Mandarin Chutney

The flavour of mandarins is found in many places within Asian cuisine, and it has both sweet and savoury applications. In winter, Australia experiences an absolute glut of citrus, so it’s nice to have a few recipes on hand to help you catch and store the sun’s energy in preserves while the fruit is in abundance.

You can try your hand at this deliciously simple mandarin marmalade, which makes an excellent gift and a scrumptious way to see through the cold dark winters. Or you can make a refreshing cordial with them by adapting this recipe. They make an excellent infused booze for Christmas (basically just combine a bit of mandarin, sugar in either brandy or vodka and let sit for 3-4 months before straining), but if you’re after something more unique to serve with curries, roast dinners or even to jazz up a simple cheese sandwich, this chutney is the way to go.


1kg mandarins

500g apples (foraged apples are great, or Granny Smith)

500g onions

¾ cup dried fruit (raisins, dates, apricots, figs, cranberries – they’d all work)

2 cups brown sugar

1tbsp pure salt

1tbsp ground ginger

1tbsp yellow mustard seeds

2tsp ground allspice

1/2-1 tsp crushed chilli (more if you like a hot chutney)

250-300ml vinegar (malt, brown or apple cider are preferable for flavour)


  1. Wash fruit well in warm water
  2. Peel mandarins and chop segments into bite-size pieces
  3. Finely chop the peel
  4. Peel, core and dice apple and onion
  5. Combine all ingredients in large pot and bring to the boil
  6. Simmer for a couple of hours on low, until mixture is thick and most excess liquid has evaporated
  7. Spoon into hot sterilised jars and seal while hot

Store in a cool dark cupboard for potentially years before opening, then in the fridge once you’ve cracked the jar. Like most chutneys and vinegar-based preserves, this benefits from being stored for 1-2 months before opening so the flavours can mellow and develop.


* You could make this recipe using oranges, grapefruits, lemons or cumquats too.

* It’s preferable to use pure salt for preserving, as the additives in regular table salt can affect the taste and appearance of many preserves. Pure salt is salt that has no additives. Lake, sea, kosher, ‘pickling’, rock: they’re all pure. When measuring by volume rather than weight, make sure to use granulated salt though, otherwise the ratios will be off.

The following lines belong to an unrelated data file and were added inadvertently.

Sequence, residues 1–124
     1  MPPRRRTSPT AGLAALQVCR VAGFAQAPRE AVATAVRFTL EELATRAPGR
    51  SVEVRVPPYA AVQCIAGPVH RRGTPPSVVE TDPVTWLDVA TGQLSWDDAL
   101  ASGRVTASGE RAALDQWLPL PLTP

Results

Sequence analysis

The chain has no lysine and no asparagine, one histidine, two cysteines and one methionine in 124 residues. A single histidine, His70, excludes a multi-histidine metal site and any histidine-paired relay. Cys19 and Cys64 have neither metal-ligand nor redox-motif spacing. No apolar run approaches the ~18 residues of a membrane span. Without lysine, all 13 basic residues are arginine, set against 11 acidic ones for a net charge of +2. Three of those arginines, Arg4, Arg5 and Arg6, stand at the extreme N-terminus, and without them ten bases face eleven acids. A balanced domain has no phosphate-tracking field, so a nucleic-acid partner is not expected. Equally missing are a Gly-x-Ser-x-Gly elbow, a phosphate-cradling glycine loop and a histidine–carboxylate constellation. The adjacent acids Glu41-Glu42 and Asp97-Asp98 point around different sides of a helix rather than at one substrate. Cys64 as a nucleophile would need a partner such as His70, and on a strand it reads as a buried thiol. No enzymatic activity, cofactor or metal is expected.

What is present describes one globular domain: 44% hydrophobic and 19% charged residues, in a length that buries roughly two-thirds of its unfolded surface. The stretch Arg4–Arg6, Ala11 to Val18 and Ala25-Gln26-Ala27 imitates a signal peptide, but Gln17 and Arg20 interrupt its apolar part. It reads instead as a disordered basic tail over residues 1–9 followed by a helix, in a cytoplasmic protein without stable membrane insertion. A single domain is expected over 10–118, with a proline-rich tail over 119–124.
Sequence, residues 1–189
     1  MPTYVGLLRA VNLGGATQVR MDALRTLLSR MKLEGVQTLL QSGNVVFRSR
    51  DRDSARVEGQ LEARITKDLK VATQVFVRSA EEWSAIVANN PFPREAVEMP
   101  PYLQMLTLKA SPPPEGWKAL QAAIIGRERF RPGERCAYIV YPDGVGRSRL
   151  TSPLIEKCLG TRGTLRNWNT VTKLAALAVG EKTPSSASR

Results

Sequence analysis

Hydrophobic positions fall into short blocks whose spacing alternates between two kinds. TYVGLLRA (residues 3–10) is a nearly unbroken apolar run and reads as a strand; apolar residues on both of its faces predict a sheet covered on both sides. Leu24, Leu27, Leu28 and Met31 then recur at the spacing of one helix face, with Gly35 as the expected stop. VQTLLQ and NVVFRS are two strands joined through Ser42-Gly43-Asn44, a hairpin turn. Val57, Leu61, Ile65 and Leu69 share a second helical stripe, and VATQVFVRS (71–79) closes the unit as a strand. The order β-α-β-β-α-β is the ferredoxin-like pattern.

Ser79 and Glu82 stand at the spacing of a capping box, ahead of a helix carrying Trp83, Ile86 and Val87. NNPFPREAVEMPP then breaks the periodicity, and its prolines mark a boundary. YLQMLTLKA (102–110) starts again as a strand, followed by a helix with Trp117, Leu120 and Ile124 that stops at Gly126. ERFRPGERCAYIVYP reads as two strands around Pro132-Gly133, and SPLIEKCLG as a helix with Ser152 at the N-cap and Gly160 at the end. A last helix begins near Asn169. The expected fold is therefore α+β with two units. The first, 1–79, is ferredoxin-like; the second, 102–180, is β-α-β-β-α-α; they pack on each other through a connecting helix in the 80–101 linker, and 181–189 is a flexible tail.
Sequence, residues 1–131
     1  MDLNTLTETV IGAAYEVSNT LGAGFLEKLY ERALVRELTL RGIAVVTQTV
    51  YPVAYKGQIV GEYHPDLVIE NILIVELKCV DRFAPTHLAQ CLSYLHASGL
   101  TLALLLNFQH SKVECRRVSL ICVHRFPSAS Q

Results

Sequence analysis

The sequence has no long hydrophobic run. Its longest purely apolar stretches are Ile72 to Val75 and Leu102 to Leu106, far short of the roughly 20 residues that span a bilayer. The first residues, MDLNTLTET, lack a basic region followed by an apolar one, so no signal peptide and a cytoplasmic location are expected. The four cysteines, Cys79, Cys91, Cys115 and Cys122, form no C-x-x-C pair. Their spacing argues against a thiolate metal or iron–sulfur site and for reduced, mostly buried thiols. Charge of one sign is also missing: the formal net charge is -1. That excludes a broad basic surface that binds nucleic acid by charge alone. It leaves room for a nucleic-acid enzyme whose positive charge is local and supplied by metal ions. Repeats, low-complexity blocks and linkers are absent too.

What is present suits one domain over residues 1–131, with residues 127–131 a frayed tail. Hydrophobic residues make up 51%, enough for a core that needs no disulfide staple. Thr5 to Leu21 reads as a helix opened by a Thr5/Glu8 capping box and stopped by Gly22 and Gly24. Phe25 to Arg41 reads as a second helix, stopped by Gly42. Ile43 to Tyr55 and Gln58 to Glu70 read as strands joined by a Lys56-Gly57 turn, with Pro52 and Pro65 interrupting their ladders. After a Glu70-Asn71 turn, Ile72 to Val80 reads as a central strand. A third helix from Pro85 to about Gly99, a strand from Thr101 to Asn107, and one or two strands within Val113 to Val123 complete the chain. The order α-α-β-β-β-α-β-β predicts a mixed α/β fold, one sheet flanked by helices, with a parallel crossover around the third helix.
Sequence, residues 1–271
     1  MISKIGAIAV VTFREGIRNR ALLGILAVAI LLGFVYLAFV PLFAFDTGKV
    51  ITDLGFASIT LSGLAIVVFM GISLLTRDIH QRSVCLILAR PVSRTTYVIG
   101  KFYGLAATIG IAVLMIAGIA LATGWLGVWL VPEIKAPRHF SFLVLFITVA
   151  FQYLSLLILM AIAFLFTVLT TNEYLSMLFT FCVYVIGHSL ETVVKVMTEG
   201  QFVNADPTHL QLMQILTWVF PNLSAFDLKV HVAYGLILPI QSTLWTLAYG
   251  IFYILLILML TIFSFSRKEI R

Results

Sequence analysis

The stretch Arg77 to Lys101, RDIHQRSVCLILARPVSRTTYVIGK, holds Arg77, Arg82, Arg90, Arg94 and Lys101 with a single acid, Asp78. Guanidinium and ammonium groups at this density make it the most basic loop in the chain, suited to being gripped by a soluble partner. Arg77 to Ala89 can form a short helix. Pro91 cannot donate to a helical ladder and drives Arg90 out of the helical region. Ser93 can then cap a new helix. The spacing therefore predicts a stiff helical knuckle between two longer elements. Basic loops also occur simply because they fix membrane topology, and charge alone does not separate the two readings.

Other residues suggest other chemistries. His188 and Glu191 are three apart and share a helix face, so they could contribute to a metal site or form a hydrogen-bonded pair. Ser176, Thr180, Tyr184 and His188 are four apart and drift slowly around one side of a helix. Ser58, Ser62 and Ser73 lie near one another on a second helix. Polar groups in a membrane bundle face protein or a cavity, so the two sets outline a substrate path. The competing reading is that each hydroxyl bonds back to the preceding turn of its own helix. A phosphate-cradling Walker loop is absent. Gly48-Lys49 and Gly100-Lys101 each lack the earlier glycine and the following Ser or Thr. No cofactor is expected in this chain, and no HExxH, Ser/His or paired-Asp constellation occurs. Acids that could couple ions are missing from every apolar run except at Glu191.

Permaculture Principle 2: Catch & store energy; 3: Obtain a yield; 6: Produce no waste

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6 Comments Add yours

  1. Anna Douglas says:

    Hi, I’ve just made this today. Thank-you for the recipe. After the 2 hours of cooking it has quite a bitter taste with the peel. Did you find this and does the bitterness mellow after storing for 1-2 months? Thanks for your help.

    1. Hi Anna,

      Apologies for the delay in responding!
      Yes, chutneys are always best left to mature for at least a month or two before eating, as the vinegars in particular give them a very sharp taste straight out of the pot. Some of the best chutneys I’ve eaten were aged for 3 years before I cracked open the jar 🙂


  2. Tara says:

    When you say seal do you mean like the canning method ? Or just pop the lid on

    1. Hi Tara,
      Good question!
      In Australia, we seldom use the canning method for preserves, providing they have a high enough acidity, they’re hot packed with hot sterilised jars and lids, and they’re filled nice and full so there’s very little headspace. If you have the capacity to hot-water can/bath them, by all means do so, but at our altitude down here, I’ve never found it necessary for chutneys 🙂

      Hope that helps!

  3. Helen says:

    How much does this recipe make please. Doing big batches for a fund-raiser, so need to know how many jars! Many thanks.

    1. Hi Helen,
      This recipe makes around 3-5 jars worth, depending on the size of the jars. You can certainly increase it, but be aware that doing so means you will need to cook it for longer before it reaches the right thickness, which in turn can lead to a darker coloured chutney.


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